Indigenous Breeds of Cattle

Complete Set of 4 nos of postage stamps on the 4 Indigenous cattle breeds of India: Gyr, Kankrej, Kangeyam and Hallikar :

Cow : GyrCow : KankarajCow : Kangayam (Kanganadu)Cow : HallikarGomata (गोमाता) of IndiaIssued by India

Issued on Apr 25, 2000

Issued for : India has the world’s most significant cattle diversity with 26 well-defined indigenous distinctly Indian breeds of cattle which are hardy, resistant to disease and can withstand harsh ecological conditions. The Department of Posts issues a set of four stamps on Indian breeds of cattle to focus attention towards conservation and utilisation of this precious heritage.

Credits :
Stamp : Transparencies by
S.T. Bhaskaran
FDC : Dev Mukharji
Cancellation : Alka Sharma

Type : Stamps, Mint condition

Colour : Four Colour

Denomination : 300, 300, 300, 1500 Paise

Overall size : 2.9 x 3.9 Cms.

Printing size : 2.55 x 3.55 Cms.

Perforation : 13.5 x 13.5

Paper : Matt Chromo

Stamps Printed : 0.8 Million Each

Number per issue sheet : 40

Printing Process : Photo Offset

Printer : Calcutta Security Printers Ltd.

About : 

  • India is known as one of the sites of the earliest domestication of livestock. The world’s most significant cattle diversity is also found here. Various distinct breeds of cattle have evolved since time immemorial and are reared for several purposes like milk, draught, social status and religious rituals. Some of the breeds were developed for more than one purpose. All the indigenous breeds have certain common characteristics: they are hardy, resistant to disease, and can withstand harsh ecological conditions. The exact population figures of these Indian cattle breeds is not known since the livestock censuses are being conducted species-wise rather than breed-wise. However, about 26 breeds have been identified as distinctly Indian, though there may be other localised breeds yet to be described. Some of the breeds have been subjected to genetic erosion and decline in their population, because of changing agricultural scenario, increased mechanised farming, shrinking areas under grazing lands and indiscriminate use of imported breeds for cross-breeding in the country.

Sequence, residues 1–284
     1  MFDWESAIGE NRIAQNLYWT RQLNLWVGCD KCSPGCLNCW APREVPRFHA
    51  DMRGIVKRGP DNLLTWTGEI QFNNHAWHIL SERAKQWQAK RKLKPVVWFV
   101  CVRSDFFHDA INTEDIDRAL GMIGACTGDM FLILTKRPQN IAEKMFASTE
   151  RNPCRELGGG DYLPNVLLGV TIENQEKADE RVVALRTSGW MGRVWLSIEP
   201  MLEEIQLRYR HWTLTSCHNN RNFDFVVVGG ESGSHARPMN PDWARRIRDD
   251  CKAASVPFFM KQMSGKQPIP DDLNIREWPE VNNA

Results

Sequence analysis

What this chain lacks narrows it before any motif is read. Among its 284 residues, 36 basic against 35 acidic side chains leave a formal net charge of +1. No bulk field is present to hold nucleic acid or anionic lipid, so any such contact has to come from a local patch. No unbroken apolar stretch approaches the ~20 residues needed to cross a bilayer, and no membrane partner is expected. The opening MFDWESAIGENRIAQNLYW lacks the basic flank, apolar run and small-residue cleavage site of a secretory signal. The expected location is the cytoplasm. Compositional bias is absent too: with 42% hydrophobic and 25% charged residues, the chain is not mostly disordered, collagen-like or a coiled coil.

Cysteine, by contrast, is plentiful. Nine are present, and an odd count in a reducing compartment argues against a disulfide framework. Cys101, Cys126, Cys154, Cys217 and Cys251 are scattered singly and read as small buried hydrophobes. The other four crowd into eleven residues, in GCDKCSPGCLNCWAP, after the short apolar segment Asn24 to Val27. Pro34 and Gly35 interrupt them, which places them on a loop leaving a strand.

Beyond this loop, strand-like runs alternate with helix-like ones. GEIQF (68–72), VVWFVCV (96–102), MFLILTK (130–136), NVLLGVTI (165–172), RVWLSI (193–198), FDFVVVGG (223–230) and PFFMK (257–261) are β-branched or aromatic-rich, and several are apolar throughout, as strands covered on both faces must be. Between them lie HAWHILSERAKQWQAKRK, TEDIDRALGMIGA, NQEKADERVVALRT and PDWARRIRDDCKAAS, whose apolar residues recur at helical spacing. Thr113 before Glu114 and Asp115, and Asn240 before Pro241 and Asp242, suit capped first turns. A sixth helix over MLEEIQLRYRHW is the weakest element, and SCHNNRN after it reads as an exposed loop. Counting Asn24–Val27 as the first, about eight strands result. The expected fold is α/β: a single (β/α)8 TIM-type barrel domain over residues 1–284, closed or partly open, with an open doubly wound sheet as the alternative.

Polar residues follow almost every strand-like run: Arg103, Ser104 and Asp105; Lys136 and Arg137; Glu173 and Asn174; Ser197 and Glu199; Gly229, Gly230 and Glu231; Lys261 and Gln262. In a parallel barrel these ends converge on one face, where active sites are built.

• Arid zones seem to facilitate the development of breeds. The varieties in dry areas have developed well and thrived, like the Gir cattle in Gujarat and the Kangayam breed in Tamil Nadu’s Periyar district. On the other hand, the breeds in heavy-rainfall areas are small in size and poor in breed qualities. The Dangi breed from the Dang hills of Gujarat is one such example. The breeds from hot areas develop large dewlaps that help them dissipate body heat better.
  • This set of four stamps focuses attention towards conservation and utilisation of the domesticated animal diversity of India, which is a precious heritage we cannot afford to lose. Out of the four breeds of cattle depicted, two (Gir and Kankrej) are common to Western India and the other two (Kangayam and Hallikar) are from South India. Originally from the Gir forests in Gujarat, the Gir is medium sized with typically curved horns and long, pendulous ears and is the most popular dairy breed of India. Kankrej from Northern Gujarat is a powerful draught animal and a good milker with lyre-shaped horns. Kangayam is a moderate sized, powerful draught animal breed with a prominent hump and is found in the arid tracts of Tamil Nadu. The Hallikar belongs to Karnataka and is a compact bodied draught breed with a narrow bulging forehead and a pair of sweeping, concave horns.
  • Text : Based on inputs from Dr. D.K. Singh, S.T. Bhaskaran and Dr. O.S. Tomer.

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